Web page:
Obstacle racing as a competitive sport has been developing for a few years now, but it still has a long ways to go. At present there are many championship races from both big race brands and specific races under the guise of federations or simply as independent championship races. Over the years I have supported both where possible, taking part in races such as the Spartan European Championships and the OCR European Championships.
Sometimes races clash and fate would have it that both these races where scheduled for the same weekend…so how to decide between them.
Neither, in my opinion, are perfect, so which to choose? The OCREC in 2018 had a terrible course which was 90% rig obstacles, hardly a well balanced test of all the fitness traits a human should have. Spartan have standardised their obstacles producing a slightly predictable and boring race, except for the variation of terrain. They also have the burpee penalty which makes it different to the OCREC where you have to complete all obstacles.
In the end I went for Spartan this time around. The memory of last year’s OCREC still made me cringe and to take a trip to the Dolomites is never a wasted one. At least this way my hands would be rip free afterwards and I could get a jump start on acclimatising to altitude ready for the summer.
The competitive focus of athletes within Spartan has grown over the years making it more and more difficult to simply turn up and win. It pains me to say it but to train Spartan obstacles and carries is helping everyone specifically improve. This isn’t how I train and it often leaves me nervous that maybe this is the day that I struggle.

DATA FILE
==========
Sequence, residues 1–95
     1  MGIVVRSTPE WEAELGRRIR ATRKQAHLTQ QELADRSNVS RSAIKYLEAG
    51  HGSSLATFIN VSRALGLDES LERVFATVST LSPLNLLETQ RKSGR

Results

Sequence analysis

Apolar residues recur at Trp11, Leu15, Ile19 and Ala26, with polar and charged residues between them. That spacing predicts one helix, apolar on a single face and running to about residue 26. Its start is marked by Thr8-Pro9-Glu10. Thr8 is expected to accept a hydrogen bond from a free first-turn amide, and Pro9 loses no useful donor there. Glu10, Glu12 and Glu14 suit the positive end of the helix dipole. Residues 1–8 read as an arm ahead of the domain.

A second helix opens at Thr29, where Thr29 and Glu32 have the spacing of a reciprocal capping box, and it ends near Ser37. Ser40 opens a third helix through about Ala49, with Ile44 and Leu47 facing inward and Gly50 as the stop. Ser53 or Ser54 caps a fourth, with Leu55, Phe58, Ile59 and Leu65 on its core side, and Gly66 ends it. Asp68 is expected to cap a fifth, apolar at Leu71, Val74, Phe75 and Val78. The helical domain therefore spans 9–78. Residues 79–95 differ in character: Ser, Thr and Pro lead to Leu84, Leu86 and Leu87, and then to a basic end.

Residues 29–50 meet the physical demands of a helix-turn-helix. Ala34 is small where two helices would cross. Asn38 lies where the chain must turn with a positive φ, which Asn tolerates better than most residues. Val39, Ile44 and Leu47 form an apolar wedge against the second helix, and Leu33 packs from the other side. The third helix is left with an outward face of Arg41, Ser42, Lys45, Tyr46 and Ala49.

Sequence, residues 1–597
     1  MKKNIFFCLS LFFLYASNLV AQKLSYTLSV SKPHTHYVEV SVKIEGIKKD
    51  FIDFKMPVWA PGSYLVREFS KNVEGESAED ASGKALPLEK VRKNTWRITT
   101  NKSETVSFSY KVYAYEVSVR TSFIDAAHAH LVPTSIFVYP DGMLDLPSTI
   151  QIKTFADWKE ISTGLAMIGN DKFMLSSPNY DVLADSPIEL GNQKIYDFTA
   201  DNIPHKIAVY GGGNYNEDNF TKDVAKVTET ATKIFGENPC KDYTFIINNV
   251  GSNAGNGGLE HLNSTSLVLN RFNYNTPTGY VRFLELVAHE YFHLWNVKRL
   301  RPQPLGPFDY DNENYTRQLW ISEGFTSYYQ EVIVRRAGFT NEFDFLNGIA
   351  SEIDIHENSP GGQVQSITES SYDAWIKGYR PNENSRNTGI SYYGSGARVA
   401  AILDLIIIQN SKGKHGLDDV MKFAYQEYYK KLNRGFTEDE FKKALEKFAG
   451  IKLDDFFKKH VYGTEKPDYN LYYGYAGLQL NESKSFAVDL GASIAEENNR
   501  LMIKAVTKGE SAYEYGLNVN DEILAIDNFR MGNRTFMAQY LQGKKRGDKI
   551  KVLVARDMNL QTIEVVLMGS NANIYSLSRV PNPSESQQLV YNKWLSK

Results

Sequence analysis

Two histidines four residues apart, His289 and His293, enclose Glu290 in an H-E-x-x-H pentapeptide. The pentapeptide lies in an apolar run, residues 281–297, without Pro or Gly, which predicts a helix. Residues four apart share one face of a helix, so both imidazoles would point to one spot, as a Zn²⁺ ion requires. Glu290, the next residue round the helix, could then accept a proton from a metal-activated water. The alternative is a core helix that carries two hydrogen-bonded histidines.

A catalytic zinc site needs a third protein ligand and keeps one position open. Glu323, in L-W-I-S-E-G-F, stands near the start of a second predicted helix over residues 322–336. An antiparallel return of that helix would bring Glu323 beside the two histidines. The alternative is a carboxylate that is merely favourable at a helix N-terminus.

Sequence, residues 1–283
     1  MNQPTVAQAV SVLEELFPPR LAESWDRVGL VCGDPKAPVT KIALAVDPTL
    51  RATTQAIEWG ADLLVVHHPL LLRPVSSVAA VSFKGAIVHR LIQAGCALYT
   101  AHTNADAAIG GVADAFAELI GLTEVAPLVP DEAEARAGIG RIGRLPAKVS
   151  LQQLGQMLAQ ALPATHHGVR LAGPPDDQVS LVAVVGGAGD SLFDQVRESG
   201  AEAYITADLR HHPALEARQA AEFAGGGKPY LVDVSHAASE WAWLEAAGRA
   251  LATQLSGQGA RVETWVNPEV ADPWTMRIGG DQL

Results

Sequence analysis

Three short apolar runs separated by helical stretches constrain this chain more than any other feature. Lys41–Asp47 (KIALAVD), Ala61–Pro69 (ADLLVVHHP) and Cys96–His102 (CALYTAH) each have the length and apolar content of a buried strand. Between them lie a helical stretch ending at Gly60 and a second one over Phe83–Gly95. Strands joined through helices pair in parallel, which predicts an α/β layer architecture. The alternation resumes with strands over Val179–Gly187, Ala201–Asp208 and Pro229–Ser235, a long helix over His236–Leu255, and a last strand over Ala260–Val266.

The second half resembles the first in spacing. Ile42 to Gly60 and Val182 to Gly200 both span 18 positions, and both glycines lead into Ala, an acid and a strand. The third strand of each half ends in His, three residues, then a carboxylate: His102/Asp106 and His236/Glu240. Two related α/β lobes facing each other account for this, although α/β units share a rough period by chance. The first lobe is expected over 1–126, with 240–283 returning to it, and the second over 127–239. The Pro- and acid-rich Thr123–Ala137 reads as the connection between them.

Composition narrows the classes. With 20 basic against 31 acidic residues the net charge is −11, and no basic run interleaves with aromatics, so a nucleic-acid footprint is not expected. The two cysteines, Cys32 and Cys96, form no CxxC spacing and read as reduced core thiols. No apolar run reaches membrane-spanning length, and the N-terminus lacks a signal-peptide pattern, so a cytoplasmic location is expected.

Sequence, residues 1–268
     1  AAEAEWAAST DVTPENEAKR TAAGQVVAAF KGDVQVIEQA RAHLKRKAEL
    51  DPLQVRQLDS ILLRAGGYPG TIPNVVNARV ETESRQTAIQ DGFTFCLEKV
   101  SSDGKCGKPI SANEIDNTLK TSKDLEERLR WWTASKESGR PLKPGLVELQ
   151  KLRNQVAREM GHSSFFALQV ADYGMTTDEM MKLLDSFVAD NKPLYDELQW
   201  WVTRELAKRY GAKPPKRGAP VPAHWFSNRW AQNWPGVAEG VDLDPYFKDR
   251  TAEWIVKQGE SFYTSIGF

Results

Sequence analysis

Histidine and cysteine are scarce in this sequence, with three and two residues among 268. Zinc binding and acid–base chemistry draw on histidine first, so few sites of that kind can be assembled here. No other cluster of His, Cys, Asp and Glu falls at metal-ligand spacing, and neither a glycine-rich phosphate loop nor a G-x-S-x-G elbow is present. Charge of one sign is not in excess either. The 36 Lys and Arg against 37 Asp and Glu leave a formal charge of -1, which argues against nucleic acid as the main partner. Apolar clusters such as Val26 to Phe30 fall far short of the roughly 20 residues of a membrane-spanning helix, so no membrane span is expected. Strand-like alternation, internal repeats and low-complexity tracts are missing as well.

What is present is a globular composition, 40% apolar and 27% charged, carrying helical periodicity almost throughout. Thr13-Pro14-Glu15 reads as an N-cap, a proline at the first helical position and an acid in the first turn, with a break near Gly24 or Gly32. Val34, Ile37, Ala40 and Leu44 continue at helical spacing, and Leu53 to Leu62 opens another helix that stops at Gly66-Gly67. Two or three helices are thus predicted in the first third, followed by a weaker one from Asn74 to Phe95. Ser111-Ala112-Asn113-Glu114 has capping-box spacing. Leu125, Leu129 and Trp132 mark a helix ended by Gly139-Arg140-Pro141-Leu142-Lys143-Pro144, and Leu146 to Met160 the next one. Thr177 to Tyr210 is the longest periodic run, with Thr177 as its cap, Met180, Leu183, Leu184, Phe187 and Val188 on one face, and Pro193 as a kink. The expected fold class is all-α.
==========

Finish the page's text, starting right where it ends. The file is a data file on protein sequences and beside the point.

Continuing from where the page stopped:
I have plenty of experience though and the training I do helps in many other ways. So after the first 5km of the 23km race, nearly 2 minutes behind the lead I try to remain focused and calm.
We had already done 600m of the total 1800m climb in the race and it was starting to warm up. Peter Ziska had gone off like a bullet leaving Sergei and myself trailing.
As there comes more obstacles and carries I start to get into more of a grove. I close the gap by a minute on the sandbag carry alone, opening one of the same on Sergei.
Next is the ape hanger (rope ladder monkey bars) where I again close the gap and nearly make contact.
At roughly half way we have descended all the way back down to the arena and Peter and I are neck and neck. Another massive climb follows and I hike away creating a bigger gap with every stride.
It has really warmed up by now, the 500ml of water and 3 gels I was carrying are gone and I am still going uphill. I feel okay but every time I come to a carry or drag my legs I feel like they double in weight. Not a good thing knowing I still have a way to go!
Final uphill and I alternate between 10 seconds running and 10 seconds hiking in an attempt to make the gap to second place bigger. The helicopter is a welcome distraction which hovers dangerously close to me and the ground.
Final kilometres and the three sketchy obstacle are left. Slack line, balance beam and spear throw. Last time I threw a spear was in Iceland last December, I complete them all without any burpee enalties and swing through the final rig still in first.
2 hours 18 minutes on course and I am glad that was all. The altitude and heat really made this extremely tough but still a “fun” racing experience and a pleasure to have won this race for a third time.